Attenuators are expensive, especially the fancy calibrated ones, and it seems that they are the only ones available. SMD resistors are cheap, though, and I have SMA connectors, so I thought I would try to make my own. I used the calculator here, to come up with a design that used resistors I had, gave an impedance of 50 ohms and an attenuation that was useful (10dB). The schematic for the attenuator is as follows.
As a parent, I am somewhat torn regarding 'parental control' of Internet Access where my daughter is concerned. She is 8, so has limited access anyhow, but I would like for that access to be as unrestricted as possible while at the same time avoiding her stumbling any age-inappropriate content, which as we all know can often be only 2 or 3 clicks away.
I have decided on a multipronged approach, with the main home router, a TP Link N600 running OpenWRT Chaos Calmer being the crux of this.
Meraki (now part of Cisco) are well known for their high-quality enterprise grade networking hardware. Over the last number of years, they have been promoting their kit by way of providing 'evaluation' units for the cost of simply attending a webinar. They specify that the attendee should be a 'networking professional', but it is possible that not every attendee is.
I recently acquired a number of these, where the evaluation period had expired, and the cloud-management interface was no longer accessible without a license key. This in effect makes the unit useless. Unless...
SamKnows is a global Broadband Quality Monitoring service. They are funded by a number of national regulatory bodies, including the FCC and OfCom, and are to all intents unaffiliated.
A while ago, while browsing Ham Radio channels on Youtube, I came across an interesting project. Chris, M0NKA, an obviously talented hardware designer had designed a QRP Software Defined Radio (SDR) based on the STM32F407 from STMicroelectronics.
Among other great features of the Raspberry Pi is the General Purpose Input Output array (GPIO). This is an array of pins that can be programmed to behave as pretty much any I/O type that can be represented digitally. The pins can be switched on or off to represent binary 1s and 0s and controlled so as to emulate any communication protocol that uses bits (I2C, SPI, RS232 etc. etc.). However, as a first attempt at working with GPIO, I took a recommendation from Steve EI5DD and wrote a program that will key a transceiver and generate morse code.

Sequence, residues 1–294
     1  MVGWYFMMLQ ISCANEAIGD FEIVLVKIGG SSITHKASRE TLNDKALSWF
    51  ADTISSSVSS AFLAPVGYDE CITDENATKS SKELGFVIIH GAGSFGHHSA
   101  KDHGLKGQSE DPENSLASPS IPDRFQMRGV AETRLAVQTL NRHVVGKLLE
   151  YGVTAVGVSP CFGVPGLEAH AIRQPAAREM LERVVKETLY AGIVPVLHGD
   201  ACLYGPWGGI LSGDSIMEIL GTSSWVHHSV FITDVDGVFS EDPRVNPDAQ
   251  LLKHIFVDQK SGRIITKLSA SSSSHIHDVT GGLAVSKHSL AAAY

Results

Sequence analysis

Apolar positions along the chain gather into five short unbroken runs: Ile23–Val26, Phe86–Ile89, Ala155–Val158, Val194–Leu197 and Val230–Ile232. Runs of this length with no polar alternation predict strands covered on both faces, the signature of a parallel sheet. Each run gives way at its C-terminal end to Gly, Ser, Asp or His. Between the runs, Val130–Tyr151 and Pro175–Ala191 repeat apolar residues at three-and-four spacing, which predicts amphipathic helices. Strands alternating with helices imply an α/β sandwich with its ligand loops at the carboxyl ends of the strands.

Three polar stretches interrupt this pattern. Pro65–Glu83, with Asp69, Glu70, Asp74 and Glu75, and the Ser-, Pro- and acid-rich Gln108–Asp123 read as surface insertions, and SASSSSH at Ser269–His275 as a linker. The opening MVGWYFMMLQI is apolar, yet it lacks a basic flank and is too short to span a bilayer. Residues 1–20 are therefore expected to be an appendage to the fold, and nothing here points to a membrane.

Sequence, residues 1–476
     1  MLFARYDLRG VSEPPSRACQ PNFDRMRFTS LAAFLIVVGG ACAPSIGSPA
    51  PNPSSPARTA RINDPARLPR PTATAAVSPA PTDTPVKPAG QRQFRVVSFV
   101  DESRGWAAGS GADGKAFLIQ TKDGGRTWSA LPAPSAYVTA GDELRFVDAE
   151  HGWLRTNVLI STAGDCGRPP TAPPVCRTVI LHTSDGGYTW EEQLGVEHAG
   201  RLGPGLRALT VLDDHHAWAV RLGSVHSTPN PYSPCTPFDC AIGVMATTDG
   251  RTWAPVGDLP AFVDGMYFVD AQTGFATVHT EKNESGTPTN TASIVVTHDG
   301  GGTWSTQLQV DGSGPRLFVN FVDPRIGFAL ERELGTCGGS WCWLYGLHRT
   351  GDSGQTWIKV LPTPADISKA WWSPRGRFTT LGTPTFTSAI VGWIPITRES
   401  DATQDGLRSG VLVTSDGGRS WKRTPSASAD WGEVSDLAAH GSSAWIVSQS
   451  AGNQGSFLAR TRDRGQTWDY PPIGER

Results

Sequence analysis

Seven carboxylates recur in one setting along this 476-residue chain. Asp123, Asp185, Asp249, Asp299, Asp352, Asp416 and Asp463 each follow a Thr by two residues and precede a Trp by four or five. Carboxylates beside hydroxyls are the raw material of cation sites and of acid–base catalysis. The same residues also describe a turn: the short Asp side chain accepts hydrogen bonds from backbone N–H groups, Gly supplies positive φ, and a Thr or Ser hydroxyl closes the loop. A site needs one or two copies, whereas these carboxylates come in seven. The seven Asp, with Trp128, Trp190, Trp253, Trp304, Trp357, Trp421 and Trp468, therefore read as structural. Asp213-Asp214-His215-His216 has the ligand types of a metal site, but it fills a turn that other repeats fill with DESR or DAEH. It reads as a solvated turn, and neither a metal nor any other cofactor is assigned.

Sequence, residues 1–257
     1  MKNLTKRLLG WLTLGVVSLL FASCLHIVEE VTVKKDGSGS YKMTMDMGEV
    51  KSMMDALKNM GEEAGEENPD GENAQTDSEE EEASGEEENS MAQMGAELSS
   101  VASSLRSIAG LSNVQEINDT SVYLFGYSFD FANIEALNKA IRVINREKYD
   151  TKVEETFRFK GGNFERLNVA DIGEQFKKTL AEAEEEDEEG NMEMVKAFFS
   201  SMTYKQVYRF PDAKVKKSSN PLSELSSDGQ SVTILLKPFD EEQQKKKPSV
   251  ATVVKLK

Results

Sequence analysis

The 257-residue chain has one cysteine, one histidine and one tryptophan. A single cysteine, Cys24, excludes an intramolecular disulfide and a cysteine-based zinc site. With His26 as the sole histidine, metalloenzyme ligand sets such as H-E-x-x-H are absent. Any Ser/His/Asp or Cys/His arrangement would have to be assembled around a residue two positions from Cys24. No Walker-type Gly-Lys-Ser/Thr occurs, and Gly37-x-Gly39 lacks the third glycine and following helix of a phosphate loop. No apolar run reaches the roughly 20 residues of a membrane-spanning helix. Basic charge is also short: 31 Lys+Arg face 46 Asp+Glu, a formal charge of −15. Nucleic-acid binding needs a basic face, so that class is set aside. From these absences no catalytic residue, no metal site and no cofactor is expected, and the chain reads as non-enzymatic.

Following a suggestion by Galway VHF Group mamber Steve, EI5DD, I thought I would give SSTV a shot. It's not a mode I have any experience with, apart from hearing the transmissions at 14.230MHz when I tune around. Steve mentioned a cross-platform SSTV program QSSTV, which seems to run well on a Pi 2, so that's what I decided to use.
I recently upgraded my shack to an ICOM IC7300, which in the EU specification includes the 4 meter / 70MHz band. I do not have a vertical for 4m, or space for one right now, but had read about others using a small matching unit to provide the necessary match using the Diamond V2000, or Watson W2000, as my version is badged.
At the Mayo Amateur Radio Rally a couple of years ago, a NI ham, Tom Herbison, MI0IOU was selling an interesting kit for the Raspberry Pi. It combined an Analogue Devices Clock Generator (AD9850) and an RF power meter (AD8307) to give a programmable sweep generator & detector... commonly known as a Wobbulator. I bought one and had anenjoyable afternoon not long afterward building it. It was a relatively easy build, and I got some use out of it tuning some Band Pass Filters I had built for use on multi-station portable ops.
I have been playing with Software Defined Radio for a number of years, but recently advances in high-speed sampling has put relatively high quality, extremely high frequency SDR within reach of everyone. A few years ago Eric Fry reverse-engineered the communications from a Digital TV USB Dongle to see that it transmitted raw samples.